Once, in my college years, a couple friends and I grew tired of the mush they served in our cafeteria and we headed to Krispy Kreme Donuts. It was a golden October day, and we wove through traffic while listening to music with the windows down.
As we drove along, a song came through the car’s stereo that called into question whether God exists or whether He is good. I’d expect to hear a song like this among friends who aren’t disciples of Christ, but on this particular friend’s playlist? I knew that she was a Christ-follower.
“Hey, what’s with this song?” I asked. “It’s pretty dark.”
“Oh, yeah.” She was a little defensive. “It’s a little negative. But it’s how the singer feels, and it’s honest. You know what they say, ‘all truth is God’s truth.’”
This is a prevailing rallying cry for many artists who profess to be Christ-followers. It sure sounds right. If it’s an honest feeling…how can you discard it? Aren’t we as disciples of Jesus supposed to be enamored with genuine, truth-telling art?
It’s worth looking into the origins of the catch-phrase “all truth is God’s truth.”
The popular expression is actually a modernization of a line from St. Augustine. In his treatise, “On Christian Doctrine,” Augustine writes: “Nay, but let every good and true Christian understand that wherever truth may be found, it belongs to his Master…”
“All truth belongs to God.” It’s a pithy little maxim, and undoubtedly true. But many who hold on to this gem from Augustine tragically miss the context in which he wrote. Indeed, it’s conceivable that many people who use Augustine’s quotation don’t even know that it was him who said it.
Perhaps the most vital statement came in the second half of Augustine’s sentence:
…and while he recognizes and acknowledges the truth, even in their religious literature, let him reject the figments of superstition, and let him grieve over and avoid men who, ‘when they knew God, glorified him not as God, neither were thankful; but became vain in their imaginations, and their foolish heart was darkened.’
Augustine understood that all truth belongs to God. But while deftly invoking the book of Romans, he also pinpointed a common error we can fall into, lest we’re discerning: If we focus wholly on fragmented “truths” without getting around to glorifying God, we’re only exercising our own pride.
So how does that play out in the actual creation of art?
I think as artists who are followers of Christ, we have two great responsibilities: 1.) to glorify God through our craft, by carefully directing others to Christ and not ourselves, and 2.) ensuring the presentation of such a message is artful, beautiful, and meaningful. The latter responsibility is a difficult one, and of paramount significance. But make no mistake, these responsibilities are numbered in order of importance.
In my opinion, falling short of these responsibilities can take on two different forms, both equally dangerous: Some artists lead others astray through their art (a sin of commission) and some artists fail to glorify the Lord through their art (a sin of omission.)
When writers, musicians, or artists dwell on thoughts or philosophies that are not glorifying to God, they commit a grave mistake. I believe this was the case in the instance of the band that was playing through the speakers in my friend’s car. The lyricist who penned that song would do well to remember what became of Job’s friends, who urged him to “curse God and die,” because they thought the Lord was not benevolent.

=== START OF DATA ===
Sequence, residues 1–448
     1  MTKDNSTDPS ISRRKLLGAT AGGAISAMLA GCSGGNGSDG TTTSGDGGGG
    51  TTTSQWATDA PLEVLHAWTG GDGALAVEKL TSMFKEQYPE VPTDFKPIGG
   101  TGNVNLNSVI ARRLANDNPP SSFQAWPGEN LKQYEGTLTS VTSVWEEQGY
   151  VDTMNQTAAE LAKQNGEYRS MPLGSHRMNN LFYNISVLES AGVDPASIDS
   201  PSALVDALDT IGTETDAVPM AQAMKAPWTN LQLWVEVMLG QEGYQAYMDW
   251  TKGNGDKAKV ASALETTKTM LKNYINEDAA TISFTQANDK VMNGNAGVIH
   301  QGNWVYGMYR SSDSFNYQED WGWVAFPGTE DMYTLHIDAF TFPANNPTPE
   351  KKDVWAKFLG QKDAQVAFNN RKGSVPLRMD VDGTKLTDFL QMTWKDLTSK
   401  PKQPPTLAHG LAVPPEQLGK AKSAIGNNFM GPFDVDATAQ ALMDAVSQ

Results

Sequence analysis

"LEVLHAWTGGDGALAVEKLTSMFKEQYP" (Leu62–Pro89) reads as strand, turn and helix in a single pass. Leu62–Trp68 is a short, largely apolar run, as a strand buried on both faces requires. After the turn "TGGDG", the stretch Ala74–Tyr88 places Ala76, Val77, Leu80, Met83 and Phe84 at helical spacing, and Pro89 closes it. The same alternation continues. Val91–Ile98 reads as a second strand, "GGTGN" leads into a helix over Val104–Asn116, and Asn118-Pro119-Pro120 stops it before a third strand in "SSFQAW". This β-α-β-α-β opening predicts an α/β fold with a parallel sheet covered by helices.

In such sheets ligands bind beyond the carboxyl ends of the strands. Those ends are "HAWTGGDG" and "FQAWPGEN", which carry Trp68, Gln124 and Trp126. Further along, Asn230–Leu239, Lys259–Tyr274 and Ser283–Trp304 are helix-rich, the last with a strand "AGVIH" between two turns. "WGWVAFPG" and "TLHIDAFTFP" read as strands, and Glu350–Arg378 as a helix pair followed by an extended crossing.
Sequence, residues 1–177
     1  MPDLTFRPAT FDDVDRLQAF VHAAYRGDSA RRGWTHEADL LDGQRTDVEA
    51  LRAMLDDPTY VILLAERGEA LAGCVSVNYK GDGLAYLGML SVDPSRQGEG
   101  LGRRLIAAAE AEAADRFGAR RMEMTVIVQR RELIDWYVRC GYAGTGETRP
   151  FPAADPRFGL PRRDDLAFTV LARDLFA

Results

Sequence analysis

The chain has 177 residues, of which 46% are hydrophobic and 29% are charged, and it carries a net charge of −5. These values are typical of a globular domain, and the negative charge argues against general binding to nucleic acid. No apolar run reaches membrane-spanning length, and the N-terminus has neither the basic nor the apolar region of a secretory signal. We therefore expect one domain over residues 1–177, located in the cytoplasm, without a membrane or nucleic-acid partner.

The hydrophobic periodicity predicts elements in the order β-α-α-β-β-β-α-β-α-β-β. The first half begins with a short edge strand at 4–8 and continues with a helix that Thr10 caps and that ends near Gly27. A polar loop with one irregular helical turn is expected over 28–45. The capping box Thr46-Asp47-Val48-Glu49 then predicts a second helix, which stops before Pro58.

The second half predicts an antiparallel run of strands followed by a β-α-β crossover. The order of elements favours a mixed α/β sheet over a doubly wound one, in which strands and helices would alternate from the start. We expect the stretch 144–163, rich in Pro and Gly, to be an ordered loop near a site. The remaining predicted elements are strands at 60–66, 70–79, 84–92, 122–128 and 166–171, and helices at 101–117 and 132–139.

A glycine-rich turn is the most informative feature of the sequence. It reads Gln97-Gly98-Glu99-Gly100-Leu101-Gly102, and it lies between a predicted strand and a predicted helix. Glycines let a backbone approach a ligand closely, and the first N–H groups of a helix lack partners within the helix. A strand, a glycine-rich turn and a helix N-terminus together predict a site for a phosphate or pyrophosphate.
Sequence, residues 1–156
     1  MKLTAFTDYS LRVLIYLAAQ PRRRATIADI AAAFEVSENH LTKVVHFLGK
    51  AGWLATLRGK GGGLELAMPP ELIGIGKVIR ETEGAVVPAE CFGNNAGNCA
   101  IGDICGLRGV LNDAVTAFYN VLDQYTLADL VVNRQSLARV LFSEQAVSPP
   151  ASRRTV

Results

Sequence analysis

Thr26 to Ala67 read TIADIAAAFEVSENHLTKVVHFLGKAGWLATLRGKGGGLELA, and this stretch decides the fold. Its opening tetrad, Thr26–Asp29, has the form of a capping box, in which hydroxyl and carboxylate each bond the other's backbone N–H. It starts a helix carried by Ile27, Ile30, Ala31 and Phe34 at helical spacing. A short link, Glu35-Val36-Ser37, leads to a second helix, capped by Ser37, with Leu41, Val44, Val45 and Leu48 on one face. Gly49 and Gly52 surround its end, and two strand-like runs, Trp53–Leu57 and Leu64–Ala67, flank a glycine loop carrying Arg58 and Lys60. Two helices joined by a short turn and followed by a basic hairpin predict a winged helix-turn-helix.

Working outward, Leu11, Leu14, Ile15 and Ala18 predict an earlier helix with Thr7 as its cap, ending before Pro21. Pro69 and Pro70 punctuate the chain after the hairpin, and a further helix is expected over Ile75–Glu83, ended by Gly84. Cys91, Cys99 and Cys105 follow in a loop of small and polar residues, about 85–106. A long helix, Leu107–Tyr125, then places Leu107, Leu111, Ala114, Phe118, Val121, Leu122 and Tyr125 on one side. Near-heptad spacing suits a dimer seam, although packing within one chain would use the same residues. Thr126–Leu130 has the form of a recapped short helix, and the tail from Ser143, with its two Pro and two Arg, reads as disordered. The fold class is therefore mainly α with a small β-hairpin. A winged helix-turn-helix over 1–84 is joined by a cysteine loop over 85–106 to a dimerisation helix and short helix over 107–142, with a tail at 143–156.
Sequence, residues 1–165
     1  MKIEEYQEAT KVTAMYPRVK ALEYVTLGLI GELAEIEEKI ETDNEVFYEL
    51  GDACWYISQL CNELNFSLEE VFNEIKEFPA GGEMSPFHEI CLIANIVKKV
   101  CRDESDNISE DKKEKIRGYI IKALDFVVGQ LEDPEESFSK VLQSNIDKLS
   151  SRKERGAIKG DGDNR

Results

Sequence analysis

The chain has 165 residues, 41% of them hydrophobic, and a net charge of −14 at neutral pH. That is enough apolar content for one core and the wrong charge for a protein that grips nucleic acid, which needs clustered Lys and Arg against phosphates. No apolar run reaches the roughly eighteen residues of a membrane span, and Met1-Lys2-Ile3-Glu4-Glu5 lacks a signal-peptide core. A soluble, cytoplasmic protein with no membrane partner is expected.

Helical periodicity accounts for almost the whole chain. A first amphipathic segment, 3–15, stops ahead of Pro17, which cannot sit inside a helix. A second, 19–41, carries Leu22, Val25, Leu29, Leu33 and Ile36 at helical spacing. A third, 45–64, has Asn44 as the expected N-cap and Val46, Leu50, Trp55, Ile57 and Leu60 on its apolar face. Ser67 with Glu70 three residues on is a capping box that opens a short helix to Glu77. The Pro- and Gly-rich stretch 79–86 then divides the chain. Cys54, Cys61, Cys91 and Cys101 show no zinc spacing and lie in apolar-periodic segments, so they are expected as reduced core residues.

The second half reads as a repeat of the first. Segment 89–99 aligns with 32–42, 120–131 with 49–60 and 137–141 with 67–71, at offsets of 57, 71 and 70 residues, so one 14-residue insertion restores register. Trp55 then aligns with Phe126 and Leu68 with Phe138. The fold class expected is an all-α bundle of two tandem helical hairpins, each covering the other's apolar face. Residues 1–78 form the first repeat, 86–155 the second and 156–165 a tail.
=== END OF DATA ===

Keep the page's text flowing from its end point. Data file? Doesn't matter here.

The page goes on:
A good methodology for determining what content we should include in our art is Philippians 4:8, which reads “Finally brothers, whatever is true, whatever is honorable, whatever is just, whatever is pure, whatever is lovely, whatever is commendable—if there is any moral excellence and if there is any praise—dwell on these things.” (HCSB)
It’s pretty easy to rule out things that aren’t true, honorable, just, pure, lovely and commendable. But the good news is that the things that these attributes do encompass are limitless. Does your 500-page epic sci-fi novel address topics of justice? Put it on paper. Does your painting showcase the pure creativity the Lord has endowed you with? Then paint it. Is your sestina, which reflects on an aspect of human nature, lovely and commendable? Write it down.
If we create something beautiful, but fail to direct others towards the truth and love of Jesus Christ, we’re only giving them part of the truth. Benjamin Franklin famously wrote in Poor Richard’s Almanack, “Half the truth is often a great lie.”
Unfortunately, this plays out in the music industry time and again. If a “Christian band” achieves mainstream success, their lyrics are often called into question. Any oblique references to Christ or the gospel seem to be quickly abandoned.
Many musicians stated that they don’t prefer to use the “Christian band” moniker, because they feel it excludes certain audiences, and there’s certainly an argument to be made for that belief. However, if artists are unwilling to mention the Lord in their lyrics, interviews, or personal interactions with fans, they are likely not using their music as a vehicle for ministry.
Christ-honoring art needs to contain both compelling, well-crafted, beautiful messages, and point others, in some way, to the glory of God. With the Lord’s help, may we tell the whole truth–God’s truth–through the art we create.